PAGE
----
Prophets of imagined futures

July 28, 2016
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Charles William Eliot

Lately I’ve been returning to an old love—re-reading William James. I see his defects more clearly now, but I still love him. Uniquely among philosophers, James made a literary art form out of affectionate curiosity. He was so gregarious, one of his contemporaries said, that he could make friends with the lampposts on Irving Street. Teleport James from whatever Swedenborgian otherworldly precinct he currently inhabits, and I imagine he would be just as ready to make friends with the LED streetlights. His empathy seemed boundless, yet as my husband reminds me, there were times when it fell short; one need only skim the lecture on saints in The Varieties of Religious Experience to see how deeply embedded was James’s predisposition to disparage traditional religion.

James acknowledged the distorting effect of all such predispositions; his essay “On a Certain Blindness in Human Beings” begins by noting “the stupidity and injustice of our opinions, so far as they deal with the significance of alien lives” and ends by declaring “hands off” on the negative evaluation of worldviews for which we lack immediate sympathy. To abide by this interdict, however, turned out to be a challenge even for the open-minded William James.

While reading James, I stumbled upon a little book called The Religion of the Future, authored by James’s neighbor, Harvard’s legendary president Charles William Eliot, a progressive thinker like James with wide sympathies and conspicuous blind spots of his own. In this book, which originated in a 1909 address to the Harvard Summer School of Theology, Eliot predicted the emergence—along lines noticeably favorable to his predispositions—of a new religious consciousness. Purged of crude anthropomorphism, penitential breast-beating, and dramatic altar calls, the religion of the 20th century “will not rely on either a sudden conversion in this world or a sudden paradise in the next.” While salvaging the good things of the old religion, the new religion will devote its energies to social improvement rather than personal salvation. The 20th century will trust in providence but tether its camels, not looking for God to intervene directly in the affairs of nations or individuals. Admiration for exemplary leaders will replace the cult of the saints. No fairies or imps will haunt our dreams; no angels or demons will muddle our moral judgments.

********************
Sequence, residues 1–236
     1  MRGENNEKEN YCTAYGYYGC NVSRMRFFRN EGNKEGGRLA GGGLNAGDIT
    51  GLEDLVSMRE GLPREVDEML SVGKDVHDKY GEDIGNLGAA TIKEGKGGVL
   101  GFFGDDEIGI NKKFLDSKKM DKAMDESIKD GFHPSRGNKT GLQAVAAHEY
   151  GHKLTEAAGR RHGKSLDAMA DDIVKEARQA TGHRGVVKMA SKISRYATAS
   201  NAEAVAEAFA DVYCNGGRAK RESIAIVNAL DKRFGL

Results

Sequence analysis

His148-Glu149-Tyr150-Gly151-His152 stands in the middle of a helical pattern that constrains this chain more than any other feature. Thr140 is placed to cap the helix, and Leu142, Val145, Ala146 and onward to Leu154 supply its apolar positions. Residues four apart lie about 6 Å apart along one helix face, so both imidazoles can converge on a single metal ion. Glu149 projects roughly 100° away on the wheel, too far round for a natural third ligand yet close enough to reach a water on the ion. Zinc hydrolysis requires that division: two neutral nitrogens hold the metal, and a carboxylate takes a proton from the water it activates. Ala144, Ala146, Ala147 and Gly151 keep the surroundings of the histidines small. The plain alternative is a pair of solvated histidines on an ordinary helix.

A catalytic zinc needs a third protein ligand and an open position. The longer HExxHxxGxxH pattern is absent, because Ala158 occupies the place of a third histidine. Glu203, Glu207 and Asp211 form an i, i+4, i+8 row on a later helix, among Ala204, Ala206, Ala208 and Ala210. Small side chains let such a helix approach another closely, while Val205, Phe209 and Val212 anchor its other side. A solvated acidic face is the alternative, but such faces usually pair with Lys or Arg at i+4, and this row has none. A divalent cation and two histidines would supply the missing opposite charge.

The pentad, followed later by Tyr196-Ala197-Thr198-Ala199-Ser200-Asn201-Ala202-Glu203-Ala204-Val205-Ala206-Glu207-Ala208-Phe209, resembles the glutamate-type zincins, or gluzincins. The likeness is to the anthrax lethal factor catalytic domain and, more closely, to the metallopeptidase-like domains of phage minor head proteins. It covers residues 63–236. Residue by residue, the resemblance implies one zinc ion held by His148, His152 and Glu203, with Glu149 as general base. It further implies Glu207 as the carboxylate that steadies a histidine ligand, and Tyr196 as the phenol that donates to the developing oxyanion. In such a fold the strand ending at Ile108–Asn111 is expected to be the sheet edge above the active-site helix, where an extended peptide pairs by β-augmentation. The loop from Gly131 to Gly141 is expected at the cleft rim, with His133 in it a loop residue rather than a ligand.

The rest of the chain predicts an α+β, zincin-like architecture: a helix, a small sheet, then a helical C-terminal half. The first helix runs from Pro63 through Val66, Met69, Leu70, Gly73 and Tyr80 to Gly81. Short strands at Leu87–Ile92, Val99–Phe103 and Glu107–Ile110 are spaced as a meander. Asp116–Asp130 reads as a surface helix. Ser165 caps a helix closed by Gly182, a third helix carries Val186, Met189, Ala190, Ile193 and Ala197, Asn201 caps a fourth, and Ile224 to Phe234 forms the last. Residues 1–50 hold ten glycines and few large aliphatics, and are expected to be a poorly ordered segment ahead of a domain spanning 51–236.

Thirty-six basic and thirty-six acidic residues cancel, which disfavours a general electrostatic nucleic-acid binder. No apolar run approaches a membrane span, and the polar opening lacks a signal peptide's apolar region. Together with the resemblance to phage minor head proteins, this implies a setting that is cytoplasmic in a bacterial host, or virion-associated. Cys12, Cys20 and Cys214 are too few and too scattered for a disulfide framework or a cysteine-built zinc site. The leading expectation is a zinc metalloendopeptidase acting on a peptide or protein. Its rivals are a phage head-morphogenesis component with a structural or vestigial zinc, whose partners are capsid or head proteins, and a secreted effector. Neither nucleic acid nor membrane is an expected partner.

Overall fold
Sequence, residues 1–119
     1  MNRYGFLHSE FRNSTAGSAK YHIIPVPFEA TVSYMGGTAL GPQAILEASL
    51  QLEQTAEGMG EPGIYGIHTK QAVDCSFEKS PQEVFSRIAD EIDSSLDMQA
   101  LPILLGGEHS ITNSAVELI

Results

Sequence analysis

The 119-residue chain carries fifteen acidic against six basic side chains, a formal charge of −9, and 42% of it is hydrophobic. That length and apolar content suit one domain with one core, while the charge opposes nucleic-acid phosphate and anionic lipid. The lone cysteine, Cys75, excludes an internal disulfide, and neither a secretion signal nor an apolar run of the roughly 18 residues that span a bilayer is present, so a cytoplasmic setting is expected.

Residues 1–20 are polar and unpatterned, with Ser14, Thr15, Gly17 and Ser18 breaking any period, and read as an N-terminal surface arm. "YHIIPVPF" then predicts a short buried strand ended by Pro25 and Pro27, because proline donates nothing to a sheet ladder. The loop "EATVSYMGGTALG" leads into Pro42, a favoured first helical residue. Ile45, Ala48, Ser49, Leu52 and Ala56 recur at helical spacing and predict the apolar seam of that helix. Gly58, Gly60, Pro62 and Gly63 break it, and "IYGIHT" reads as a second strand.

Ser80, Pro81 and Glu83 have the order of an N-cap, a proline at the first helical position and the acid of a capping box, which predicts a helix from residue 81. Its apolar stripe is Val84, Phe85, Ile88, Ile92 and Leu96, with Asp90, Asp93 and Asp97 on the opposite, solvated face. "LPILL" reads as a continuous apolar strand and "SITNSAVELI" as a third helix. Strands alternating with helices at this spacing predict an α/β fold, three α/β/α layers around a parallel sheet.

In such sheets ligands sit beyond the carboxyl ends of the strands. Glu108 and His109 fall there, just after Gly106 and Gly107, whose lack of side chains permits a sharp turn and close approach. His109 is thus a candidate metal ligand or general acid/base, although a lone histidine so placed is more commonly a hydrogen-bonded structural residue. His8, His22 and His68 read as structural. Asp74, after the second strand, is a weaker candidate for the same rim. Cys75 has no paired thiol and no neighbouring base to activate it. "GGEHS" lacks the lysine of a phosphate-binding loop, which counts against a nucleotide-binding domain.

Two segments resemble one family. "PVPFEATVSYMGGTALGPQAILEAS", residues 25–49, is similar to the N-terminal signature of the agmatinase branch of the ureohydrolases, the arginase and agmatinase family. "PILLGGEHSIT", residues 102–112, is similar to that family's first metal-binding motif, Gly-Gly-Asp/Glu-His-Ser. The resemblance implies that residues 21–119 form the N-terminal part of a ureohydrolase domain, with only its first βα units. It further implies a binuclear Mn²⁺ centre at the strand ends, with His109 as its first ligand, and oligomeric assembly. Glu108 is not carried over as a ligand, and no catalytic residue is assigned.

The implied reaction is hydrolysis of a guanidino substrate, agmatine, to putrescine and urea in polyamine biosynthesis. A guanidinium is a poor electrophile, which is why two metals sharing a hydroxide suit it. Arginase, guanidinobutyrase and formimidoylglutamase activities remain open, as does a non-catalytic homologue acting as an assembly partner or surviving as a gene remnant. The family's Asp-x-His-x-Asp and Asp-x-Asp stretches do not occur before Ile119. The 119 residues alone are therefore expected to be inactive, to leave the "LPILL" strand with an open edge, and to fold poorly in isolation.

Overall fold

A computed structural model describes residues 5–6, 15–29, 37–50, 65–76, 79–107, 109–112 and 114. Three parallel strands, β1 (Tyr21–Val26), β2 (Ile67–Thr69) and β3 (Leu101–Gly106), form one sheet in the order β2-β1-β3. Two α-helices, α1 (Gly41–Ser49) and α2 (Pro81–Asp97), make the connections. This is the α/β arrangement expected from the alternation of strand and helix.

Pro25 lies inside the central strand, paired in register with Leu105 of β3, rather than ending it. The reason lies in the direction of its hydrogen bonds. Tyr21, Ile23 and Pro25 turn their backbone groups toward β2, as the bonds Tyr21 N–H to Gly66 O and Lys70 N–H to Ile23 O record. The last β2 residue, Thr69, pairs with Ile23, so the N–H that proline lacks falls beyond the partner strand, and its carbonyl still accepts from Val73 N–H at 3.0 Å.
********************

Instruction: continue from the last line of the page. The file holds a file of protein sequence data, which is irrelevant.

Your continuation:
Since Eliot’s future is our past, it’s easy for us to see where his prophecy missed the mark. But could we do much better? In 2014, Brazilian political leader and Harvard Law School philosopher Roberto Mangabeira Unger published a book bearing the same title as Eliot’s and striking some of the same notes. But Unger is more ambitious; his The Religion of the Future is one of several works in which he outlines a radical program for metaphysics and religion sans God.

Unger begins, like the Buddha in his first sermon, by calling attention to the sickness that stalks sentient existence. According to Unger, three “irreparable flaws” are built into the human condition: mortality, “groundlessness,” and insatiability. We experience abundant life only to discover that we have to die; we awaken to the power of reason only to find that the whole of reality exceeds our grasp; and despite our finitude, there is no limit to our desires. The world’s religions propose to console us for these incurable defects; thus, Unger tells us, Buddhism seeks to overcome the world, Confucianism to humanize the world, and the Abrahamic traditions to struggle against it, inciting both sacred and secular emancipation movements. These are the religions of the past, however, and there is no use holding on to them now that they’ve lost their power to convince; when we wake up from their enchantment we will see that they have made things worse by encouraging wishful thinking and reinforcing our condition of “belittlement.”

Unger’s project is a liberation theology for nonbelievers. His religion of the future will not cure us of mortality, groundlessness, or insatiability, but by teaching us to face these facts squarely and refuse to be defined by them, it will conquer our belittlement. Christianity dared to hope for divinization, but the religion of the future will divinize us here and now in the form of a “freer and bigger” life, courageous, loving, self-transcending, open to the future and to other people.

Unger is a consummate speculator—a rare academic figure who thinks big, even at the risk of going over the top. William James, for whom human nature was defined by its “willingness to live on a chance,” would have loved him. But my bets are on the religion of the past—not the “halfway house between belief and disbelief” that Unger justly criticizes, but the ancient household of faith. When I’m feeling hopeful about the future, I imagine a revival of full-strength religious traditions, a consequent rebirth of the arts, literature, and culture, and a world in which people of all faiths make common cause against poverty, violence, broken families, and disease. When my thoughts run to future disasters, I imagine a global religious awakening in response. But mostly I am skeptical about predictions, shaped as they are by our wishes or fears. If we’re uncertain about the future impact of Brexit or the November election, how much more so when our subject is the religion of the imagined future.